I Spoke to A Career Coach On How to Embrace Being Proud of My Work Achievements On LinkedIn


I don’t think I’m alone in admitting this: I feel awkward sharing about my work and achievements on LinkedIn. While I can 100% see the value of doing it, not to mention that I don’t think twice when those in my network do it — other than “good on them!”, that is — I still feel super awkward when I do it. Like I’ll sound like I’m bragging. Like I’m a little kid needing validation – “look at what I did!”. Or like others won’t find what I’m posting that big of a deal.

But I know it’s something I need to get over because again, the benefit greatly outweighs the cost. So, for that reason, I decided to chat to a career coach to get to the bottom of why I feel so awkward about it and how I can get over that feeling, once and for all.

Why Is It So Important to Post on LinkedIn?

“In the current job market, it is vital that all employees are looking for ways to future-proof their career in case of a sudden or unexpected job loss,” says Career and Interview Coach at Relaunch Me, Leah Lambart.

“Building a network and brand online may facilitate career progress both internally and externally. By having a professional online profile, it may help you get noticed by the key decision-makers in your organisation, which may lead to you being promoted internally or being selected for key projects.”

Lambart adds that sharing your accomplishments online also provides the opportunity to demonstrate specific expertise or skills in a particular field or career area. By sharing your work and achievements with your audience, you stay top of mind leading to them starting to recognise you for the work you do and possibly see you as the ‘go to’ person on a particular topic.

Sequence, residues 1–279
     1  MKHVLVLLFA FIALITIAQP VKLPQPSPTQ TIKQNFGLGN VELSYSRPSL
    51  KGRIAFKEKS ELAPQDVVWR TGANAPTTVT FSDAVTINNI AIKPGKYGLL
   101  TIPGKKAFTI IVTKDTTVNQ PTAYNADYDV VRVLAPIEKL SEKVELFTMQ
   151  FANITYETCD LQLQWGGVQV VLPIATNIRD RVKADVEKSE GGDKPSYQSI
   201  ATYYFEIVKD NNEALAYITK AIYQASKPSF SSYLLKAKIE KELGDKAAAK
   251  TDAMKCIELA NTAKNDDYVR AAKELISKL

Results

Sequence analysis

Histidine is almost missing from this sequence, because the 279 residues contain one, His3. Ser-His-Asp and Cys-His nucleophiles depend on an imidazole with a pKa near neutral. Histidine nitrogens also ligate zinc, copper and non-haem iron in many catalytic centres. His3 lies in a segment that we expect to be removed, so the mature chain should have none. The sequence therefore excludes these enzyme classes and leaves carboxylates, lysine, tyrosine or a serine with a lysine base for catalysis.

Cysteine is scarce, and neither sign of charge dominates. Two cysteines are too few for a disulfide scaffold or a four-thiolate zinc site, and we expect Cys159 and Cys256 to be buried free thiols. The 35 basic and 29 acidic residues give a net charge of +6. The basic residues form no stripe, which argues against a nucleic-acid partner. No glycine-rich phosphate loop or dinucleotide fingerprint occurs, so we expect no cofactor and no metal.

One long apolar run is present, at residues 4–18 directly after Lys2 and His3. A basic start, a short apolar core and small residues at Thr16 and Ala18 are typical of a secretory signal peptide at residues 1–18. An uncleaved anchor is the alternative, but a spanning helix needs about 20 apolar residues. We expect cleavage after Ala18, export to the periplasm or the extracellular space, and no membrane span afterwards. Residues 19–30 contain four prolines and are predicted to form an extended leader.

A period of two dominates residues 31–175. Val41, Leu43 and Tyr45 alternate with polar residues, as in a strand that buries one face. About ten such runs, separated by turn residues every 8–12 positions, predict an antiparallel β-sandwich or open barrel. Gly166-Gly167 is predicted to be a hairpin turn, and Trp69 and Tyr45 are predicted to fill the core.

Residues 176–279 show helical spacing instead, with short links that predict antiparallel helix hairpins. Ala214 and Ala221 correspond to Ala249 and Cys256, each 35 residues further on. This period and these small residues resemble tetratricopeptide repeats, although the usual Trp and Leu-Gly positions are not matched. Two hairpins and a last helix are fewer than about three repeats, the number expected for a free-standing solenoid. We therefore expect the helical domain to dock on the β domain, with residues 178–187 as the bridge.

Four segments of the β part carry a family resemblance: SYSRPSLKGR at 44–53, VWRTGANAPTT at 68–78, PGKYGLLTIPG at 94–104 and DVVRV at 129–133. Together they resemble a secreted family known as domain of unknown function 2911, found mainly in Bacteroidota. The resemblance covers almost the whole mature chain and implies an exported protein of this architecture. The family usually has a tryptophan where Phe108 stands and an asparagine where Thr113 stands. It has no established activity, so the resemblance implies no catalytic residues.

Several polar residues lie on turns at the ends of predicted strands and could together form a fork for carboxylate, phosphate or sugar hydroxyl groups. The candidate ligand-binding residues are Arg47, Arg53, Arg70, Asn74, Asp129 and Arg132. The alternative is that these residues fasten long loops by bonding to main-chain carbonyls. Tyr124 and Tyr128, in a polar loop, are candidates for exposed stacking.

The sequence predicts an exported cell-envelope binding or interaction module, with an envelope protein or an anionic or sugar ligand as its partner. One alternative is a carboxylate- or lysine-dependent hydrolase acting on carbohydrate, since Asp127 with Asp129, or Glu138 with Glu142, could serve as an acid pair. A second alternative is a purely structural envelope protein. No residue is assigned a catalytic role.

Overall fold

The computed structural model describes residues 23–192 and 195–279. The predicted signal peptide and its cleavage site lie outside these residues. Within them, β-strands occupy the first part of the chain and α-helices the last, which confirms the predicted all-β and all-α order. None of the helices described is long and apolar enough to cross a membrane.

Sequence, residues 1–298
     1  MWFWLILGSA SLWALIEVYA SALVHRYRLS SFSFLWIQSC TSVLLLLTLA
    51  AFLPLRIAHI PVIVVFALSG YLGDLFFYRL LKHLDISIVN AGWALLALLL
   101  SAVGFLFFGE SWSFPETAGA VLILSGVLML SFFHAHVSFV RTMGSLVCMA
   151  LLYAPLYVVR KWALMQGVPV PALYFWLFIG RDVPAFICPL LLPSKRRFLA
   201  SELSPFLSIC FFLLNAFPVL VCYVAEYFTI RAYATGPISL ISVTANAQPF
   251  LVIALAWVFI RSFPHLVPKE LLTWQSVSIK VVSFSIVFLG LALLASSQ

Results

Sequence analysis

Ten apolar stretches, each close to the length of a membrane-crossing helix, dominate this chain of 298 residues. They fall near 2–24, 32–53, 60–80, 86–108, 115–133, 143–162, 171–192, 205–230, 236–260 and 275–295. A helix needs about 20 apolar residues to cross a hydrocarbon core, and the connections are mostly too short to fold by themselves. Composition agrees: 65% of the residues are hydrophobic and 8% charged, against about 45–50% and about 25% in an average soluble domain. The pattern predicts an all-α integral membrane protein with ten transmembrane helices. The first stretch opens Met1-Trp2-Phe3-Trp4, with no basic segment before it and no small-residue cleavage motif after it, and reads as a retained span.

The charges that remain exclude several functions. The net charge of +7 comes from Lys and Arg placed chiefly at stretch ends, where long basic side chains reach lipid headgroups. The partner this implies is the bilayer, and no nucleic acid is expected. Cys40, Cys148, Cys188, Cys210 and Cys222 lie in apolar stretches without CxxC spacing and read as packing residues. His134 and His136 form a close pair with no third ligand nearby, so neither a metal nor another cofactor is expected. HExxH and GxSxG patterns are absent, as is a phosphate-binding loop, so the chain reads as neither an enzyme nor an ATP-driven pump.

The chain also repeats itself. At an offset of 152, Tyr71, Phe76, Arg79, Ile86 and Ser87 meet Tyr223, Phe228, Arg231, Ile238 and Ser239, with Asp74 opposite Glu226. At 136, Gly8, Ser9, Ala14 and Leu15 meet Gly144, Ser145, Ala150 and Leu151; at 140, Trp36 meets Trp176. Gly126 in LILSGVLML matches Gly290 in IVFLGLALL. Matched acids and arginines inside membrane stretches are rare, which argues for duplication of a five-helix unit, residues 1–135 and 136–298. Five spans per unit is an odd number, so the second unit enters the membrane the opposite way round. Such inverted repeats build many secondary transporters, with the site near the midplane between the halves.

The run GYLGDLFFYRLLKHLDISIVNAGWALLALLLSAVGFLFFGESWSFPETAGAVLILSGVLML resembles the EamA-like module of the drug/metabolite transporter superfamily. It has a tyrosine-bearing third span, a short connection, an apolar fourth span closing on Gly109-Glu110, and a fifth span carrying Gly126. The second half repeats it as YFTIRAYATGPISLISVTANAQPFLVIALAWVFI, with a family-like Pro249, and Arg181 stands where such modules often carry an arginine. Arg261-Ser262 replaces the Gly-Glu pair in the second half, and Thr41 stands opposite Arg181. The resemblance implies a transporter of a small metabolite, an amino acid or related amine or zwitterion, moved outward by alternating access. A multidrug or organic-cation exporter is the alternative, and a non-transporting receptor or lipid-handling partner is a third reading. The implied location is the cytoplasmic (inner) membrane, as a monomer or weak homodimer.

Why Do We Feel So Awkward Posting on LinkedIn?

Many clients feel uncomfortable sharing information about their achievements online as they feel it’s ‘blowing their own trumpet’ or ‘boasting’, says Lambart, adding that that is perfectly understandable.

“In many cases, we feel like an imposter, thinking that we are ‘not good enough’, ‘not smart enough’ or ‘not experienced enough’ to be sharing or posting on LinkedIn,” she says. “Likewise, people worry about their network may think. What will their colleagues say? Will people think they have ‘tickets on themselves’?”

But, says Lambart, if you aren’t going to share your achievements, who else will?

What Are Some Tips for Posting on LinkedIn?

So, now that we know why it’s so important to share on LinkedIn and why we feel so awkward doing it, how do we actually go about doing it? Lambart offers a few tips.

Firstly, she says, to consider that most of your network is likely to be genuinely excited for you and send you massive high-fives. Next is to change your mindset and to think of yourself as a LinkedIn contributor. “Focus on sharing and educating your audience — focus on them, rather than yourself,” she says. “How can your work help your audience? Focus on what is in it for them.”

As for the contents of the post, Lambart suggests focussing on the outcome or the accomplishment. “Who have you helped? What impact has it had on others? Why are you proud of what you accomplished? Who helped you achieve this accomplishment?” You might also want to think about tagging those who helped you into your post to share the credit.

Lambart also suggests asking yourself some questions before you post: “Will this post educate my audience about the work I do? Will my success story potentially help others find the same success? Will this post help me attract that next project or new client that I’ve dreamed about?” If the answer is yes, you then have a reason to post – so, go ahead and do it.

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